Righteous Rumsfeld ensures no sense of an ending,
This review is from: State of Denial: Bush at War, Part III (Bush at War Part 3) (Kindle Edition)
I read this book off the back of George W Bush's excellent autobiography 'Decision Points'. Both books lay the groundwork of what may have seemed, a few short years ago, impossible - that being a revisionist reconsideration of the extent to which Bush's actions should have been afforded more the benefit of the doubt.
Bush sat atop a vastly populated team of advisors (so evidences Woodward's weighty tome), but a team from which he was held at arm's length by Cheney and particularly Rumsfeld, the latter of whom is not painted in glowing terms here.
Unlike its two predecessors, this book is notable for the fact that Woodward did not (or was unable to) hold any on the record interviews with Bush himself; and in my view, the book is the poorer for that, particularly for readers seeking a continuity of the themes that were begin in Parts 1 and 2.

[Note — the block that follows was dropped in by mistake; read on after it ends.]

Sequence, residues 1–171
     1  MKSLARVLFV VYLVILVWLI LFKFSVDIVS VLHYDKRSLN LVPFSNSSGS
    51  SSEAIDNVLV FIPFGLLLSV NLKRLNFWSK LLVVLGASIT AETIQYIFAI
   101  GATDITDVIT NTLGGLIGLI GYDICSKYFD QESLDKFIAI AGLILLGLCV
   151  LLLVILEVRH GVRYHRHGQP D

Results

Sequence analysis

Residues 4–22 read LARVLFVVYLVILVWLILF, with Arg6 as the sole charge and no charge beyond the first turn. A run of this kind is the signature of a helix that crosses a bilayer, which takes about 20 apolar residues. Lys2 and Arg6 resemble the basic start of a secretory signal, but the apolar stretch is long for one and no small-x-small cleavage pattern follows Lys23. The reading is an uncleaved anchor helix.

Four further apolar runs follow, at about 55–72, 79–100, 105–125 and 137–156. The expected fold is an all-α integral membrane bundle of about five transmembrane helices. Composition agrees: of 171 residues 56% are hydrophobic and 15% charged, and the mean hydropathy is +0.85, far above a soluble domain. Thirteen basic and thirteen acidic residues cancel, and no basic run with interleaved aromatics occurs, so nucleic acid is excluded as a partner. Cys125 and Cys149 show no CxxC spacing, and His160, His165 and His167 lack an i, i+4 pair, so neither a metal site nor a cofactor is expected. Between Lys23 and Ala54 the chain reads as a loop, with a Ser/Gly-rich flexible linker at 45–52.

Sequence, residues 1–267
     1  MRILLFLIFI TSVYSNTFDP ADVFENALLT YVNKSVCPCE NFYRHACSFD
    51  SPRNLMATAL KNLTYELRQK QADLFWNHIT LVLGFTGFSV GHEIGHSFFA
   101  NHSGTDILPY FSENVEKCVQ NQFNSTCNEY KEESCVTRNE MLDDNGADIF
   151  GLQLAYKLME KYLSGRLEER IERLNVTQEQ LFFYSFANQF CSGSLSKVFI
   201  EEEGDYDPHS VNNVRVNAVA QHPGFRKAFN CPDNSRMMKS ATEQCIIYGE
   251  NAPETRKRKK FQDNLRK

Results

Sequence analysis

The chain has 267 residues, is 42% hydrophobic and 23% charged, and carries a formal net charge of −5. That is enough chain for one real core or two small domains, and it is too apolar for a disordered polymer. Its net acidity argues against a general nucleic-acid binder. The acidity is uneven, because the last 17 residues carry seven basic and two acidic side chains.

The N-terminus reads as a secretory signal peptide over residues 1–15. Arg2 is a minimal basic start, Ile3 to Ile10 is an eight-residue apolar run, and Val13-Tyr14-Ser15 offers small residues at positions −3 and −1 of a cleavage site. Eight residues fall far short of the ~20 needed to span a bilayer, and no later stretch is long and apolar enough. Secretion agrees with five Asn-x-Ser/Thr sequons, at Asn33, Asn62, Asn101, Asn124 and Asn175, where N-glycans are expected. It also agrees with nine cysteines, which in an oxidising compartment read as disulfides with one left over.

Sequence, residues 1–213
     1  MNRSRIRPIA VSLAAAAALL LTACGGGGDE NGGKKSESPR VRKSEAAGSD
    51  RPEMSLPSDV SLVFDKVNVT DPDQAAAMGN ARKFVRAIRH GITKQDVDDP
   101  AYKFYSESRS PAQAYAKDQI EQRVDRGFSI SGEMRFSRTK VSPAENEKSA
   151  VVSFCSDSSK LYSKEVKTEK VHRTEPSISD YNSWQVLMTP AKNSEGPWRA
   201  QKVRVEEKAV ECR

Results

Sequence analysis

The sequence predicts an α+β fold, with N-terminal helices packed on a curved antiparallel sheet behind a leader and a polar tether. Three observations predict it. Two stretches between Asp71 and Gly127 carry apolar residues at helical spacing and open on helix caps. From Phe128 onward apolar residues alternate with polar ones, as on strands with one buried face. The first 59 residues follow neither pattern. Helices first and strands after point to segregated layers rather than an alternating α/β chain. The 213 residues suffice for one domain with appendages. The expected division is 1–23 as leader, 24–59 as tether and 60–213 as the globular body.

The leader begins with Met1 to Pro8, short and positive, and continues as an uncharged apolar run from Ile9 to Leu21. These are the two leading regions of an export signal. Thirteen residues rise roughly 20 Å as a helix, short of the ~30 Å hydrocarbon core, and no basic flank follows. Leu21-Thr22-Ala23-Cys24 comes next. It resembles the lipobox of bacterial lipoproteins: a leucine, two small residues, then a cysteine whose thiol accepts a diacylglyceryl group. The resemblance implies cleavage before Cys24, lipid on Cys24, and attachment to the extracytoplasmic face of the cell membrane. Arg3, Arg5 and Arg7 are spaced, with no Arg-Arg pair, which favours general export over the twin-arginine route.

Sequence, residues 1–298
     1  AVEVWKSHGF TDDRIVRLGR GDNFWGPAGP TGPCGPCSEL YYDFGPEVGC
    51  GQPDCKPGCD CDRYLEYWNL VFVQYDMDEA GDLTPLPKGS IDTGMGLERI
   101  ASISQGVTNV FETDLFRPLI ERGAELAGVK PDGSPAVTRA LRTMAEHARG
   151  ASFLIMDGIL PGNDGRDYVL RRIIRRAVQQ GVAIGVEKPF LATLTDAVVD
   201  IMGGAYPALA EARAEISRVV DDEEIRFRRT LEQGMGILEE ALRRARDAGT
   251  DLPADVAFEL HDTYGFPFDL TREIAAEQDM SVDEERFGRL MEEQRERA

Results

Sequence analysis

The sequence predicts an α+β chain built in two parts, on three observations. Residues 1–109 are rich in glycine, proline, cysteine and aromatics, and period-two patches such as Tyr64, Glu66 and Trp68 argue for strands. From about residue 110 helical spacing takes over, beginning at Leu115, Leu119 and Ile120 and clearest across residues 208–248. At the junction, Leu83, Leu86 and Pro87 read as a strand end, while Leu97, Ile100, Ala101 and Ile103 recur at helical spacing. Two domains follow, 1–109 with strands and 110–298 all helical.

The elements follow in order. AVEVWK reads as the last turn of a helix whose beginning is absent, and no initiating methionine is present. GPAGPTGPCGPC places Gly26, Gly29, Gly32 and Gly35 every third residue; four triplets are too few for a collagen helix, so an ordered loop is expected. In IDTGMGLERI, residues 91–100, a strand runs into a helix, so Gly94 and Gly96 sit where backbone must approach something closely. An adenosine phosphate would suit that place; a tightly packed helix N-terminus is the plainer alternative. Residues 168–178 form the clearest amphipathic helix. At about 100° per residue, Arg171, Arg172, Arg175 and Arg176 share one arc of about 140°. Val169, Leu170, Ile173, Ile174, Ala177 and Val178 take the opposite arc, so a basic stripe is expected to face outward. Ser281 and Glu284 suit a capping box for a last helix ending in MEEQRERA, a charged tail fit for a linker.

To an extent, this book overlaps with (rather than follows on from) Part 2, in that it analyses more of the detailed discussions and endless meetings of an ever-growing, ever-indecisive, and often unwieldy lower level cast, in the period following 9/11. The level of research that has been done, and the attention to detail is obvious, and admirable, as Woodward continues to display an acute and impressive ability to remain in control of a story which, given his aims, could have got away from him. And yet, at times the reader is required to wrap a towel around his head just to keep up. Do not try to read this book with any background distractions. It probably also benefits from being read quickly, and in as few sittings as possible. Otherwise the narrative thread is lost, and you begin to wonder where it is headed, and what it is attempting to achieve beyond a mere recitation of minutes of meetings and the White House diary.
Interesting for its portrayal of Rumsfeld. And admirable in being able to dissect so precisely every meeting, thought, decision, perception and quiet aside of a vast array of overlapping characters, who individually pulled in different directions, and collectively failed to serve the President in the best way possible. But as a story, this could perhaps have benefitted from a 'less is more' level of editing by its publishers.